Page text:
By Melissa Mitchell
When in Rome later this year, UI music professor P.Q. Phan likely will be conducting himself more like the lead character in "Amadeus" than the star of "Roman Holiday."
That's because the UI professor of composition will be hard at work on commissions and other works as one of 24 recipients of the 1997 Rome Prize. The award, given annually by the American Academy in Rome since 1896, provides fellowships for American artists and scholars to live and work at the academy's campus atop Rome's Janiculum Hill. Founded in 1894 and chartered by an act of Congress in 1905, the academy is the only American overseas center for independent study, research and creative work in the arts and humanities.
Each year, winners are selected from about 1,000 applicants. This year's prize was awarded to people in the fields of architecture, art history, classical studies, design, historic preservation and conservation, landscape architecture, literature, musical composition, post-classical humanistic studies and visual arts. Phan, who was awarded the Samuel Barber Fellowship, is one of two composers recognized this year.
"This is one of the most prestigious prizes in music composition," said Don V Moses, the director of the UI School of Music. "The last time one of our faculty members won it was 35 years ago, when it was awarded to [the late] Salvatore Martirano."
Other notable composers who have been so honored include Barber and Aaron Copland.
As a recipient of the Rome Prize, Phan will receive a stipend, living and working accommodations and travel expenses to support a year of work in Italy. While there, Phan plans to work on at least three compositions, including two orchestral works and an innovative, 45-minute opera without words commissioned by the Kronos Quartet.
"I'm very, very excited and honored to receive the prize," said Phan, who plans to travel to Rome in September. In addition to being pleased by the opportunity to devote his undivided time to composing, he said he believes the experience will be "a wonderful opportunity to learn another language and culture."
"I'm very enthusiastic and eager to adapt," he said. "It should be a very exciting challenge."
Actually, living and working in Italy will be just the latest in a lifelong series of challenges for the young music professor, who emigrated to the United States from Vietnam in 1982.
While growing up in war-torn Saigon (now Ho Chi Minh City), Phan taught himself to play the piano.
"I would practice eight hours a day often by candlelight, because we didn't always have electricity," he said.
Lack of electricity was only half the challenge, however. Musical scores were in short supply as well.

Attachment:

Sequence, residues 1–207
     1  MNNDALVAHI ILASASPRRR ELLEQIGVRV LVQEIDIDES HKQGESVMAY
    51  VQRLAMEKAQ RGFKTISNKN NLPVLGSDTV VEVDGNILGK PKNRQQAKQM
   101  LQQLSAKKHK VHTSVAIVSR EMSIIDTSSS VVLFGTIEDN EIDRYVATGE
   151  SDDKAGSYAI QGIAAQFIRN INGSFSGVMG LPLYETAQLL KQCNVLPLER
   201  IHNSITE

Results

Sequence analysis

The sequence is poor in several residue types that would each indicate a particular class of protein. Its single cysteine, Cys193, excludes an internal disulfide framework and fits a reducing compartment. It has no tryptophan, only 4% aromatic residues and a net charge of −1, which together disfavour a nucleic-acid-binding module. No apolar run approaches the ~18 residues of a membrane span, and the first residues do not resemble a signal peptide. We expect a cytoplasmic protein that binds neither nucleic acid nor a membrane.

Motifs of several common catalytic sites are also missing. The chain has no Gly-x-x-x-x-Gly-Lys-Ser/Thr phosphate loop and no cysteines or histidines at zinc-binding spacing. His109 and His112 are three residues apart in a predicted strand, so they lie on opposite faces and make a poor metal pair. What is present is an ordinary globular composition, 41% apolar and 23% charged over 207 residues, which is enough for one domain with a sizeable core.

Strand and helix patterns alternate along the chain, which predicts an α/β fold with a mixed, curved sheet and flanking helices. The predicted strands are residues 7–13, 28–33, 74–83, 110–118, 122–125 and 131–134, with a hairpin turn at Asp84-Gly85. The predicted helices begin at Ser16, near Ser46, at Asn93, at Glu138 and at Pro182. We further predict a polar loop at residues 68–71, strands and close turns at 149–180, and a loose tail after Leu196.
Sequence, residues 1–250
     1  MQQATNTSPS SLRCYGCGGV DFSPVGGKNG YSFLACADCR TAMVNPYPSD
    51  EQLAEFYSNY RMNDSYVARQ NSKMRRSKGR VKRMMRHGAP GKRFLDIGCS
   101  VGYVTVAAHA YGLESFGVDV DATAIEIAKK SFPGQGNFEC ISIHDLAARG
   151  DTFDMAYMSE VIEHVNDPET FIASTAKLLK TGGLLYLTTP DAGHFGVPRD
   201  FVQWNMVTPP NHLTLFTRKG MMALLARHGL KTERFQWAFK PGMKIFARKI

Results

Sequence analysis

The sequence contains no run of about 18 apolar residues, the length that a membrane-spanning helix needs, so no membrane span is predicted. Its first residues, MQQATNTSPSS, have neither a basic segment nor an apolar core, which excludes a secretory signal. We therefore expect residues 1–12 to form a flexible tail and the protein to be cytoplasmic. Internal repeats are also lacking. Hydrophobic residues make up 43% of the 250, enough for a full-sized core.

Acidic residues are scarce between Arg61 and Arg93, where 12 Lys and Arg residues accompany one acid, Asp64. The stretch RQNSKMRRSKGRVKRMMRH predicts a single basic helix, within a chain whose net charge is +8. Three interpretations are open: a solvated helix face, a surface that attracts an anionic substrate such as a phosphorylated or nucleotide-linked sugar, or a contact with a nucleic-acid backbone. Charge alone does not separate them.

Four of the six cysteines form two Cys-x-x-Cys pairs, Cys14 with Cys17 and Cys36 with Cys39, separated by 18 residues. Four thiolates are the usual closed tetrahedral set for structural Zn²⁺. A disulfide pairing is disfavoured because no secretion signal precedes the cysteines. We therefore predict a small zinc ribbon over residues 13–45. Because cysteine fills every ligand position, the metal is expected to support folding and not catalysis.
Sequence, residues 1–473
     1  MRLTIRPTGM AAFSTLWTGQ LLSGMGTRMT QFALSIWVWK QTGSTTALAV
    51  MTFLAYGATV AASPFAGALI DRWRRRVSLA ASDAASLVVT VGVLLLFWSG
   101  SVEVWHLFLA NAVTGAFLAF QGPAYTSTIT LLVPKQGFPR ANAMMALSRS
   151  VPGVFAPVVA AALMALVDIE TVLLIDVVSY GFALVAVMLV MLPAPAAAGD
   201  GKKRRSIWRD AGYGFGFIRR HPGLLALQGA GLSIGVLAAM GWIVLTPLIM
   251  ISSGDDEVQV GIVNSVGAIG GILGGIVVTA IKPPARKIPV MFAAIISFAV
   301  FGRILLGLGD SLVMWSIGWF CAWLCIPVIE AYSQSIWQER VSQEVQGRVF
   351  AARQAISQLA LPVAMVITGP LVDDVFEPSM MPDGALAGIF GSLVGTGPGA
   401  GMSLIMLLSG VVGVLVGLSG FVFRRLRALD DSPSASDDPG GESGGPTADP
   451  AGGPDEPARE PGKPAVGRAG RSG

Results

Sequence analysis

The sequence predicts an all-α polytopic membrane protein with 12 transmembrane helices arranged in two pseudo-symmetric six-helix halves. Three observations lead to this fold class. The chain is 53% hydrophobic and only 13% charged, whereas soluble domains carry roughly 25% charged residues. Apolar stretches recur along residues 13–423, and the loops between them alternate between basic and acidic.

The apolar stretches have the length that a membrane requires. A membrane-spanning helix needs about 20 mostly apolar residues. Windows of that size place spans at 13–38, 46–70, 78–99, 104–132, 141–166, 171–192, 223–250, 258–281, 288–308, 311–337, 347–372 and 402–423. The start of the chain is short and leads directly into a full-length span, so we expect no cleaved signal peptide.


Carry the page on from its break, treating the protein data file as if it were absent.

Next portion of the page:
"Scores were so expensive, and they weren't available in libraries," Phan said. At first, he borrowed books from friends enrolled in a music conservatory. "The books would have 50 to 60 pages of music, and I copied everything by hand. I literally sat there 24 hours a day until I had copied the whole book."
Eventually, when he had learned everything he could get his hands on, he began to compose his own music. His first composition was a piano concerto, which he completed in 20 days.
"When I finished the score, I knew I could compose," Phan said. "A month later, I wrote a symphony," written in a hybrid Western style that was influenced by composers such as Franz Liszt, Piotr Ilyich Tchaikovsky, Beethoven and Frédéric Chopin.
"Because I did a lot of copying, I learned quickly about formal musical structures," said Phan, who also made his own manuscripts by gluing together two 11-x-17-inch sheets of paper. He even invented a tool to use to draw staffs on the pages.
Although he showed an early aptitude for music, Phan originally trained as an architect, and worked for an architectural firm in California when he moved to the United States. Those skills actually came in quite handy during the move.
Phan explained that Vietnamese officials wouldn't allow him to leave the country with his scores because they suspected they might really contain some sort of secret code.
In the end, he smuggled his compositions out of the country by copying them in extremely fine print on a piece of paper about the size of an index card. His own exodus occurred following an earlier, unsuccessful attempt to flee Vietnam by boat with his family. The aborted trip landed Phan in jail for six months.
Since moving to this country, Phan said he has "worked very hard to succeed as an American," and after living here 15 years "is very proud to be part of this country." Still, his experiences as a child and young adult in Vietnam remain with him and continue to fuel his creative spirit.
"Much of my work is based on personal experience," said Phan, who describes his music as a combination of aesthetics and harmony, which has at its core "a social conscience" rooted in philosophical and political conflict. "I tend to look at these conflicts and my own hard times in a positive way ... as inspiration to keep moving on."
Phan, who joined the UI music faculty during the 1996-97 academic year, has a bachelor's degree from the University of Southern California and a doctorate in composition from the University of Michigan.
Prior to joining the UI faculty, Phan taught at Cleveland State University. He has served as guest composer for residencies with the Kronos Quartet at the University of Iowa, the 1995 Asian Composers' Forum in Japan, the University of California at Santa Barbara's New Music Festival, and Music Lives in Pittsburgh. His compositions have been performed throughout North America, Europe, Australia and Asia, and he has received numerous commissions from various ensembles, including the Kronos Quartet, the Cleveland Chamber Symphony, the Pittsburgh New Music Ensemble and the Samaris Piano Trio.